It cannot be stated enough: Germany’s good economic shape is largely based on its famous “Mittelstand” — hidden champions of the middle-class who produce world-class industrial goods and machinery. Startups have had a hard time entering the market so far, as the industry is very innovative in itself and provided no immediate target for easy-to-execute business models. It still remains hard to crack — but with true innovations from experienced teams and the internet of things as the industry’s driving force, we see the potential for startups to become highly successful in this attractive and strong market.
Generally speaking, a software frontend is needed in order to enable the end user to work with the data generated by the smart sensors distributed across the production floor or embedded in specific machines. Without the analysing and steering interface, the collected data would go to waste. Intelligent software solutions which draw on the connectedness of production equipment might e.g. manage maintenance cycles based on a lifecycle analysis, enable remote technical servicing, enforce and monitor production plans, dynamically calculate the capacity of production lines or manage autonomous industrial vehicles. The challenge for startups here is to manage the specifics of each B2B client — even though there will never be a “one-size-fits-all” solution, startups have to find a way to reduce implementation complexity in order to scale their businesses. This can either be achieved by focussing on very specific applications or by making the software highly adaptive to each customer’s needs — plus (even better) adding a great UX that enables customers to customize the software themselves.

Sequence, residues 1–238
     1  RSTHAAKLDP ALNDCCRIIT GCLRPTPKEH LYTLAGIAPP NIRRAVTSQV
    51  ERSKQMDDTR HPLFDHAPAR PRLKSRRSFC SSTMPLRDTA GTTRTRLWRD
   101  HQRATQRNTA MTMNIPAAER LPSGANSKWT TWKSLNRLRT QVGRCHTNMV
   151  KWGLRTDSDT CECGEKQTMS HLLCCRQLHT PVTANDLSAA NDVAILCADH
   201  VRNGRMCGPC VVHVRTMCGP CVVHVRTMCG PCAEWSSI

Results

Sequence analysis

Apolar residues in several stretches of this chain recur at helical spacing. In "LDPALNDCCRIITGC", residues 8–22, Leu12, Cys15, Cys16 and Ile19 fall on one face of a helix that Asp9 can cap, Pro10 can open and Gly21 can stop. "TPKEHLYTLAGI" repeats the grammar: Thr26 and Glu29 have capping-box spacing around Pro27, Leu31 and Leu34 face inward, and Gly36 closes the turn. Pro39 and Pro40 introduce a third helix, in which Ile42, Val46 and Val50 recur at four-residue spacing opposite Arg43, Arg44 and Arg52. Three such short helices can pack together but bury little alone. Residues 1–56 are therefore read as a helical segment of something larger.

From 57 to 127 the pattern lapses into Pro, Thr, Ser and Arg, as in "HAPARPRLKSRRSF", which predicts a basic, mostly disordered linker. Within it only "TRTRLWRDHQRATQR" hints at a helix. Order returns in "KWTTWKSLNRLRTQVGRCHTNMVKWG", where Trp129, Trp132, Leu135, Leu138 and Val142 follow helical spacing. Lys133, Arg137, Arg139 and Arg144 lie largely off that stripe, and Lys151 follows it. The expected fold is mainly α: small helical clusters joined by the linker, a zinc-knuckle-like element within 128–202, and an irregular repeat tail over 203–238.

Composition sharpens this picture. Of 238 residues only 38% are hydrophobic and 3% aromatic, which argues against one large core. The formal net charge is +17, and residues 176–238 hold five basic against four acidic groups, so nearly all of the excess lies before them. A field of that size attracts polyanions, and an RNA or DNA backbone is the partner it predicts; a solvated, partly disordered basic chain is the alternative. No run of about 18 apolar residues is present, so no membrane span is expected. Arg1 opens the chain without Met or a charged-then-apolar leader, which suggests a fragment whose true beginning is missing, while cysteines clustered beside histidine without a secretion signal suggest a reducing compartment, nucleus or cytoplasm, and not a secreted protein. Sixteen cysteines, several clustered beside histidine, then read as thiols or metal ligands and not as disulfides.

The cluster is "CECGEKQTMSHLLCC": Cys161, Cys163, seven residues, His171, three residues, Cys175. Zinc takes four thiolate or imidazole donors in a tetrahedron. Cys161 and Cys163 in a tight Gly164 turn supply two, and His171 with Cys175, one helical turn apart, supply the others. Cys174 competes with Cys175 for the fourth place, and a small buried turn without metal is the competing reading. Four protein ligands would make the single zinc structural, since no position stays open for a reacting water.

API connection layers
In order to uncover the data treasure piled up by remote sensors on the production floor, a middleware layer is needed for the above-mentioned SaaS solutions to access the sensor data. Sensors are produced by different manufacturers, use different transmission technologies and generate data in different formats. Unifying and standardizing these data in a common backend system dramatically enhances the interaction between the SaaS layer and the first-party data, especially when those are provided seamlessly via an API.
Integrated digital solutions
New solutions use sensor data and combine them with state-of-the-art technologies in order to create whole new kinds of production tools. Our interest was particularly caught by the application of augmented reality for precise manual work or for setting up and adjusting various machines, such as CNC lathes. There are many more interesting concepts where sensor data are directly applied to the physical tool — e.g. intelligent gloves — however, we as Project A are seeing ourselves as a software investor. Our investment focus might include hardware as an enabler — still, we will only be investing if the software is the actual core of the business.